The State Government Deconstructors


The results of the mid-term election of 2010 will be written over the next two years. Can the Republicans really make good on their promise of fiscal discipline? A glimpse of our future federal budget may be seen in the fiscal actions (and inaction) of America’s governors. Most states are struggling to balance budgets in troubled economic times with projected shortfalls nationwide of more than $100 billion for Fiscal Year 2012. Federal bail-outs are no longer an option. The hard choices are tax increases, reduction of services or innovative fiscal solutions like deconstruction. These bold and innovative governors, or “Deconstructors,” are what Alexander Hamilton had in mind when he wrote in The Federalist that “energy in the executive is a leading character in the definition of good government.”

New Jersey Governor Chris Christie was the first Deconstructor to emerge. He wasted no time when he was sworn into office in January of 2010, declaring a fiscal state of emergency and freezing billions of spending. This week he announced 1,200 more public workers will get the axe come January. Governor “Wrecking Ball” is attracting plenty of national attention.

Governor Mitch Daniels of Indiana has an approval rating today over 70%. This Deconstructor, a former U.S. Office of Management and Budget Director, inherited a $600 million deficit and within a year turned it into a $300 million surplus. Four years later, the state had a $1.3 billion surplus. In 2008, “The Blade” as he is called, ushered through the legislature a bill that cut property taxes on the average house by more than 30%, making Indiana one of the nation’s lowest property tax states.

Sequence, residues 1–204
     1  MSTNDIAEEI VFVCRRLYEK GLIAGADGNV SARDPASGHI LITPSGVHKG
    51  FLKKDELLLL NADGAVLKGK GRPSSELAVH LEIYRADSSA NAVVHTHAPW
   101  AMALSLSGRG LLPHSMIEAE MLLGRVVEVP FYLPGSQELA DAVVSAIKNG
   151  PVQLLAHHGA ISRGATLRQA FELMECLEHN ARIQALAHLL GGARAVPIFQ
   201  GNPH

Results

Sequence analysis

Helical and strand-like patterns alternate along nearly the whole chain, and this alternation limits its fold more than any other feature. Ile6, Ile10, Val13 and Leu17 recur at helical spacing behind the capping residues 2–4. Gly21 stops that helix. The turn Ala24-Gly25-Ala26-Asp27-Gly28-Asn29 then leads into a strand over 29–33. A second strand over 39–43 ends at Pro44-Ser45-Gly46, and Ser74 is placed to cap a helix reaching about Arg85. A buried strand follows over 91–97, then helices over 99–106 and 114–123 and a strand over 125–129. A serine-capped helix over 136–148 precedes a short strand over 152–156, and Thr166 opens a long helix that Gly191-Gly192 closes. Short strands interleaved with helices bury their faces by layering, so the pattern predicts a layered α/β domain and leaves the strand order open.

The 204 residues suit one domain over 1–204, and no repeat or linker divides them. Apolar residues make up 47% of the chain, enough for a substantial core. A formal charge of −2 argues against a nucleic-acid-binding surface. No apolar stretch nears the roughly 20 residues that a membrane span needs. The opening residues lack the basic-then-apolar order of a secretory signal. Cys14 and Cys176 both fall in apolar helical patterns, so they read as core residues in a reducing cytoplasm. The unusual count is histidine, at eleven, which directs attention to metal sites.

Along the way, Daniels decertified the public service unions. Within a year, 92% of government employees quit paying their union dues. He reduced the number of state employees by 14% to a level last seen in 1982. He leased the Indiana Toll Road to foreign investors for $3.85 billion, which he sequestered in an escrow account, where it can only be used for road construction. Today, Indiana is one of nine states with a triple-A bond rating and, it is creating jobs. Despite only 2% of the national population, Indiana generated 7% of all new jobs created in the U.S. last year.

Mr. Daniels predicted that Americans would come to realize how much of what government now does “we can get by without.” He questions, "will the public sector be the servant, the enabler of the free economy…or will they be the master?" “Some of the anger out there now”, he said, “is directed not just at Wall Street but government employees and their unions." In August 2010, The Economist wrote of, “his reverence for restraint and efficacy," adding, "He is, in short, just the kind of man to relish fixing a broken state — or country."

Another Deconstructor is Governor Bob McDonnell of Virginia. Since taking office in 2010, Governor McDonnell converted a $1.8 billion deficit into a $200 million surplus. He overhauled Virginia’s pension system, saving $3 billion over 10 years. He imposed an immediate, statewide hiring freeze that covers all noncritical areas of state government. He saved $20 million per year by cutting and consolidating boards and agencies. State employees, who experienced a wage freeze for four years, identified $28 million is savings and will be rewarded with an $83 million bonus this year.